As all the world knows, the Supreme Court of these United States has so far this term reached out its business-friendly arm to grasp the nettle of four antitrust cases — an extraordinary number. The cases themselves present portentous issues for the future of antitrust litigation. As all the world knows.
For the hardy souls still reading, congratulations! You doubtless already know the cases, the extraordinariness of their number, the issues they involve, and their portentousness. But, just in case a non-antitrust maven has gotten this far, here goes a quick summary:
- Bell Atlantic Corp. v. Twombly — The standard for pleading a price-fixing conspiracy. Must you give who-what-when-where particulars?
- Leegin Creative Leather Products, Inc. v. PSKS, Inc. — Does a manufacturer/distributor’s requiring resellers to charge minimum prices violate the Sherman Act per se?
- Weyerhaeuser Co. v. Ross-Simmons Hardwood Lumber Co. — Requirements for a "predatory buying" antitrust claim. Does the buyer have to lose money on the item that it bought too much of? Must it also stand a good chance of recouping the loss?
- Credit Suisse First Boston v. Billing — Do federal laws that regulate the buying and selling of securities (stocks, bonds, and the like) provide immunity for conduct that would otherwise violate federal antitrust law?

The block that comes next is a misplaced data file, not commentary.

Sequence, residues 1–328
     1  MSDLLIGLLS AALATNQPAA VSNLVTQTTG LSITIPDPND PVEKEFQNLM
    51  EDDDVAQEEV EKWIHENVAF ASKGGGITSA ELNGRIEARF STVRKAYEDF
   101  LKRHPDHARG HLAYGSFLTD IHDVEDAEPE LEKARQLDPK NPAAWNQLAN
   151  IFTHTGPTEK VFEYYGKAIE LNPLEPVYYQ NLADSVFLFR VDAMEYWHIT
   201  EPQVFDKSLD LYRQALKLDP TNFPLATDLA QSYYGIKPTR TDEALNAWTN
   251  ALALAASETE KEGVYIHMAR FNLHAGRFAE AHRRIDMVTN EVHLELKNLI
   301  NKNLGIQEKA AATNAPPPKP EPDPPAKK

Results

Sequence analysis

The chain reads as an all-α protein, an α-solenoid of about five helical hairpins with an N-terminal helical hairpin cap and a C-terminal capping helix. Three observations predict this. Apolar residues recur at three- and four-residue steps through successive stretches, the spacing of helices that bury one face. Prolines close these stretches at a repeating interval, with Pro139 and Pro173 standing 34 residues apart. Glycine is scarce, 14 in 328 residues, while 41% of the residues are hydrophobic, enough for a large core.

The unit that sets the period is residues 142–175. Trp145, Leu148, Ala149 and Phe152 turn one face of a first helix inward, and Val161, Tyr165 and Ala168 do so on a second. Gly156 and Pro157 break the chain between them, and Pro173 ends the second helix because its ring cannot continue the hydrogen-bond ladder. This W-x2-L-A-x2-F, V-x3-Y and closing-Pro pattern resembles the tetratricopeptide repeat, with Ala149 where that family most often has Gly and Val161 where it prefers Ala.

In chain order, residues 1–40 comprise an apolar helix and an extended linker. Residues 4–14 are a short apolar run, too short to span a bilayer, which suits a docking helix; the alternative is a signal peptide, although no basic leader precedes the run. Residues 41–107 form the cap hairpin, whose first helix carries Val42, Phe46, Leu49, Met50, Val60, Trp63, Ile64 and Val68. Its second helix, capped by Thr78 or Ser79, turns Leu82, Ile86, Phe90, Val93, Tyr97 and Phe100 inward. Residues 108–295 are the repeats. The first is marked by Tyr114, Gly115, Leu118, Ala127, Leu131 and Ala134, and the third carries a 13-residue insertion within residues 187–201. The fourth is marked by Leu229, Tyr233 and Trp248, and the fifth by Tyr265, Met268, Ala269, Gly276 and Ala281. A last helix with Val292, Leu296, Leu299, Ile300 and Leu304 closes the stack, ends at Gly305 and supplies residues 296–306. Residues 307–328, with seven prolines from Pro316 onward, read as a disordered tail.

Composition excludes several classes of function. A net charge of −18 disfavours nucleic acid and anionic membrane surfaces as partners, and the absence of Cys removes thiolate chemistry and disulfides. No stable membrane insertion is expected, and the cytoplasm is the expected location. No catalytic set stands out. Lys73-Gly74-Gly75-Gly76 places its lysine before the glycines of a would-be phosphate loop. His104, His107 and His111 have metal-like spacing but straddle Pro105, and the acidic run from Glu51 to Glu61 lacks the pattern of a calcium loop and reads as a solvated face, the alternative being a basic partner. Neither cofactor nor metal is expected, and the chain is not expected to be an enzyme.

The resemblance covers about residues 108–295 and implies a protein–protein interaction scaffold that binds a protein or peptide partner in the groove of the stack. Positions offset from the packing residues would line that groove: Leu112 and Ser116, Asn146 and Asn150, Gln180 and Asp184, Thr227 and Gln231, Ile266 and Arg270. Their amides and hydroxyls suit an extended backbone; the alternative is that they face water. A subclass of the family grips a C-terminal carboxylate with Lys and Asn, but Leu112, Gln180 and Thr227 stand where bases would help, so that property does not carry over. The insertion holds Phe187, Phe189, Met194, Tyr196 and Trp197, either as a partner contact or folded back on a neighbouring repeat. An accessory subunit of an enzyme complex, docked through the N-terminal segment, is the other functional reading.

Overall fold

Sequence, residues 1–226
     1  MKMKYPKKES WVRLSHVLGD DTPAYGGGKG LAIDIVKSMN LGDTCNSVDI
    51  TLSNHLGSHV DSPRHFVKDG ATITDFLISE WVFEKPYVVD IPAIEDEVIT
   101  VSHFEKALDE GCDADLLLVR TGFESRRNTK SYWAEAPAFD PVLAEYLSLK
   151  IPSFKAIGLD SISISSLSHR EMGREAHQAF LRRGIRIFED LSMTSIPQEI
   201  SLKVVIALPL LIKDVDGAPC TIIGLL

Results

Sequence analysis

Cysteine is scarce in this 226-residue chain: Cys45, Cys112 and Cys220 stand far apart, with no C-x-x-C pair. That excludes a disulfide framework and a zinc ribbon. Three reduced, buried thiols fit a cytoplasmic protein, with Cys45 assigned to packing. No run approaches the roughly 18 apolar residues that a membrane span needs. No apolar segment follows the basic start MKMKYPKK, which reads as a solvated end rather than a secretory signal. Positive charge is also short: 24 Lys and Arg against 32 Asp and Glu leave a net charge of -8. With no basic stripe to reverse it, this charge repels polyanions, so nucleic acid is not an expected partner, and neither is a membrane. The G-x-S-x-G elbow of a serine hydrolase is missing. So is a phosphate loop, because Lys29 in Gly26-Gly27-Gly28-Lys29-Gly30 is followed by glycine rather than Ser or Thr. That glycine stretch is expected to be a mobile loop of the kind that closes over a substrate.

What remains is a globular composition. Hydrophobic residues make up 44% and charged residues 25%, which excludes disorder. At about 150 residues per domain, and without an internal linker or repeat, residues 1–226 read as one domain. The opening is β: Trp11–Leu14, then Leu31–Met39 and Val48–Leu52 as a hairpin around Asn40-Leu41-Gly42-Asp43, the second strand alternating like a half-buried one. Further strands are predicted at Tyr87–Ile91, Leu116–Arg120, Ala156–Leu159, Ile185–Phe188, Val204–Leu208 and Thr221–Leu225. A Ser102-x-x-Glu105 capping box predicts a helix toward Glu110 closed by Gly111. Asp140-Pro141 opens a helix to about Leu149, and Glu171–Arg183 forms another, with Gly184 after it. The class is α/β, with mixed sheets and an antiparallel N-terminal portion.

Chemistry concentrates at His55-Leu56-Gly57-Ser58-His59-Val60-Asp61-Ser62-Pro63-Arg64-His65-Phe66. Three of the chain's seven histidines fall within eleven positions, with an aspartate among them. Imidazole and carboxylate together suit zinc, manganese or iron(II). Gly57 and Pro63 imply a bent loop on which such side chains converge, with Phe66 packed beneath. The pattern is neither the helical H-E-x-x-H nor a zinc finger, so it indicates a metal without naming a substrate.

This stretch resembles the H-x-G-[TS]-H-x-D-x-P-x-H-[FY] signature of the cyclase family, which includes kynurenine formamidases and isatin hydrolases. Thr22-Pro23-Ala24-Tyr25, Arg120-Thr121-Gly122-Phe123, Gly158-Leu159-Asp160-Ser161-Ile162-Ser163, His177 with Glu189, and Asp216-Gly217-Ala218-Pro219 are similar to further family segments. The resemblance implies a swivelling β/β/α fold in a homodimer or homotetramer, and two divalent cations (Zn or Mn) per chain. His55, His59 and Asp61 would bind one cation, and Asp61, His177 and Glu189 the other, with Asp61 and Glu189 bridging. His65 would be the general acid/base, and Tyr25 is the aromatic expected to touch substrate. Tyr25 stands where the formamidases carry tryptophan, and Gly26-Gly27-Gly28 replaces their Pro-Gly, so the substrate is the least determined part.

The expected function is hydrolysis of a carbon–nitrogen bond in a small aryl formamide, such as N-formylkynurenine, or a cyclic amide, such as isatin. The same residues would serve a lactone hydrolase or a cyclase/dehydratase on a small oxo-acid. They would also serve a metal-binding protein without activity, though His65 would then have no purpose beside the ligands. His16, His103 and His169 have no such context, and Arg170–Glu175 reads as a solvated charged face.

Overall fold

Most knowledgeable people lean towards thinking, I think, that the Court’s decisions will curtail the reach of antitrust law. The American Antitrust Institute, which favors broad application of antitrust principles, worries that the Court will leave antitrust laws "in a severely shrunken condition". Lookie here.
The Twombly case could have the widest impact, especially with respect to price-fixing class actions. Plaintiffs’ lawyers regard this variety of case the most attractive, especially if the Antitrust Division of the U.S. Department of Justice or, to a lesser extent, the Federal Trade Commission has brought a government enforcement action and won guilty pleas, indictments, or consent decrees from malefactors. Unlike their private counterparts, government lawyers can compel potential bad guys to produce documents and furnish other information before filing a case.
The gloomy prognisticators of the outcome in Twombly fear that it will make previous government action practically essential for private antitrust litigation, such that only "follow-on" civil cases can survive a motion to dismiss. I don’t share their despair.
I’ve long suspected that lax antitrust enforcement by federal agencies encourages dozens, if not thousands, of conspiracies to bloom. The hands-off approach during the 1980s and early 1990s — when the Antitrust Division mainly pursued small-time contractors who rigged bids on road projects — led inevitably, in my view, to an abundance of conspiracies to discover and prosecute when a more assertive administration came in.
Will the same thing happen again? Only time — not Twombly — will tell.